By Dovilas Bukauskas – World Policy Blog
People have migrated, murdered, and made laws over water for as long as humans have existed. The Code of Hammurabi, one of the oldest codified laws in human civilization, says, “If any one open his ditches to water his crop, but is careless, and the water flood the field of his neighbor, then he shall pay his neighbor corn for his loss.” Today, the World Health Organization reports that one in three people on every continent are affected by water scarcity. A list compiled by the Pacific Institute counts 69 water-related conflicts from 2000-2010. Whether it fosters peace or incites conflict, water is undeniably a pivotal force in global human relationships. With climate change, a growing population, and the rapid industrialization of the developing world, ensuring the availability for water is becoming an increasingly difficult—and important—task.
The Cathedral Church of St. John the Divine, in uptown Manhattan, will be displaying works of over 40 artists whose works encourage viewers to meditate on water scarcity. Visitors are invited to “The Value of Water” to “strengthen [their] awareness of water, and to prompt [their] imaginations in the contemplation of water, from wells and underground springs to surging seas and mighty rivers.”
The Cathedral of St. John the Divine has a long history of facilitating public advocacy, and Lisa Schubert—vice president of cathedral events, marketing, and communications—says its current efforts are very much in that vein. “Part of it was getting all of these water advocates in the same room to facilitate the discussion. We wanted to foster the creative imagination, to have people connect the dots. We looked for people who were intellectually driven, who were culturally driven.” Indeed, the art exhibit has been accompanied by a flurry of speakers and advocates who have approached water issues from almost every direction, from children’s storytellers and spiritual leaders to political activists and ecologists.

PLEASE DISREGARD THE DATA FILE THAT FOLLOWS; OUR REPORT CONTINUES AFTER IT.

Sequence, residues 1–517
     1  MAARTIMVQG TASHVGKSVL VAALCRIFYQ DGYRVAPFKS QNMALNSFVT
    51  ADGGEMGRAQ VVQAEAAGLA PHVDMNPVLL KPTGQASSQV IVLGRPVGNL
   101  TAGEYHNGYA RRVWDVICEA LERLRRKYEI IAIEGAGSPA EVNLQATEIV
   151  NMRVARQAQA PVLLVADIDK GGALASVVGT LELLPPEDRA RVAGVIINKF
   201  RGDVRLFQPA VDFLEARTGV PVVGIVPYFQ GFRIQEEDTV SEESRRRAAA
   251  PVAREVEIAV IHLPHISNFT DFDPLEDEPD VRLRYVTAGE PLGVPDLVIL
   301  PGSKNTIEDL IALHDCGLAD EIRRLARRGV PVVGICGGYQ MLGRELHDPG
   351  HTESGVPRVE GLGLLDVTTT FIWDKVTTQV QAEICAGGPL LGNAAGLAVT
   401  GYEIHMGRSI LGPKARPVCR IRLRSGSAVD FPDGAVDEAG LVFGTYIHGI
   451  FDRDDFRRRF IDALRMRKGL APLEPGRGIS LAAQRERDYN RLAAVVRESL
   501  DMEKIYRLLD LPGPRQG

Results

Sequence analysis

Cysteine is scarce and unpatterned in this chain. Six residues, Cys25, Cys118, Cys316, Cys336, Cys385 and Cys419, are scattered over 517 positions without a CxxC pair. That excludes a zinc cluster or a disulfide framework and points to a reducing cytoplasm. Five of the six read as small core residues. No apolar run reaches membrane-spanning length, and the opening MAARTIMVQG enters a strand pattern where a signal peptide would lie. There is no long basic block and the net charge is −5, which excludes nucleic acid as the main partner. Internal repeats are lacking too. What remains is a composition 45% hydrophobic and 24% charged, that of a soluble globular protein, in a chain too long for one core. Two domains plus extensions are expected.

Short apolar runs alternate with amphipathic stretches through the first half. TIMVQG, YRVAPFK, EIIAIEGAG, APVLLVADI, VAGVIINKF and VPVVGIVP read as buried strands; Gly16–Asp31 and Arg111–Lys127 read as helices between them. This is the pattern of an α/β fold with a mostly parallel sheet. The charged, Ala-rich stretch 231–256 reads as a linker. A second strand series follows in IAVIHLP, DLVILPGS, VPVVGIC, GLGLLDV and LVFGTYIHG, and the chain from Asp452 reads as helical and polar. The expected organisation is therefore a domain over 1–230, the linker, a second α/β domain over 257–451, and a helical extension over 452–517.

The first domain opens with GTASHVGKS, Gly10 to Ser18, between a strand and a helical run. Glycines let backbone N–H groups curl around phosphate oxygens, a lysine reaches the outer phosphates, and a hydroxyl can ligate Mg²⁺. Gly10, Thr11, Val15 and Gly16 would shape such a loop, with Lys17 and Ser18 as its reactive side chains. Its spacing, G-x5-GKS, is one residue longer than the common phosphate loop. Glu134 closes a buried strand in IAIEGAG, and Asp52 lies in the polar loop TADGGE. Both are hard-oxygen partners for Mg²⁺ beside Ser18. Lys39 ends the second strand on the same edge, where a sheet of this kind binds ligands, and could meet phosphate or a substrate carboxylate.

The artists have made full use of the cathedral’s monumental but still-unfinished space. Daniel and Jonathan, a pair of artists who prefer going by their first names, installed a light projection of a water and life cycle that plays out against a column spanning almost the entire height of the cathedral. Mandy Greer’s “Mater, Matrix, Mother and Medium,” in the form of a large river, hangs down from the Cathedral’s southern aisle. On the other side, Greer’s piece is mirrored by Michelle Loughlin’s fibrous “Waterfalls.” On the ground, the smaller works are no less impressive. Lisa Schubert, vice president of cathedral events, marketing and communications, said,“we hope that people will be able to make an emotional connection with water here. The cathedral, I think, can help that happen.”
The perspectives on water represented by the artist’s works are also diverse. Some pieces represent primarily aesthetic depictions of water, while others, like Gregg Schlanger’s B.W.R. (Basic Water Requirements), make more explicit social and political statements about water. Schlanger’s piece represents the daily water use rates of countries around the world in a visual arrangement that highlights the link between a country’s water consumption and stability. Winn Rea’s “Fountain,” constructed out of spiral-cut one-use plastic water bottles, addresses the wastefulness and lack of sustainability in the bottled water industry.
Schubert believes that the exhibit may truly influence how people look at water issues today. “A lot of people think that supposed ‘advocacy’ has not resulted in the change they’d like to see. We hope that this exhibit might spark something. After all, a lot of people visit this cathedral every year. By the end of this exhibit, at least 200,000 people will have seen it. And not just New Yorkers—tourists, school groups.” Fredericka Foster, the exhibit’s curator and a participating artist as well, says, “People really change when they make emotional connections. I think that did happen here. Maybe now people will consider what they see here the next time some crazy bill comes up related to water.”
In addition to the exhibit and the speakers, the cathedral has partnered with a series of water advocacy groups, especially Food & Water Watch. In Water Matters, a collection of essays that Schubert says was hugely influential in the exhibit’s concept, Food & Water Watch’s Executive Director Wenonah Hauter writes, “if we remain on the current path, industrialized agriculture will drain the planet’s freshwater resources and leave only agrochemical pollutants in its place. The choice is ours, but we must do the work that is necessary to realize this vision for the future.”
The cathedral’s exhibit represents an attempt to bring water issues to the public’s attention and to make water an issue that people care about. The attempt to at once create a spiritual and emotional connection with water and an intellectual understanding of world water issues is no easy feat, Schubert admits. “If you take care of it, there will be enough,” she says. “How do you teach that?”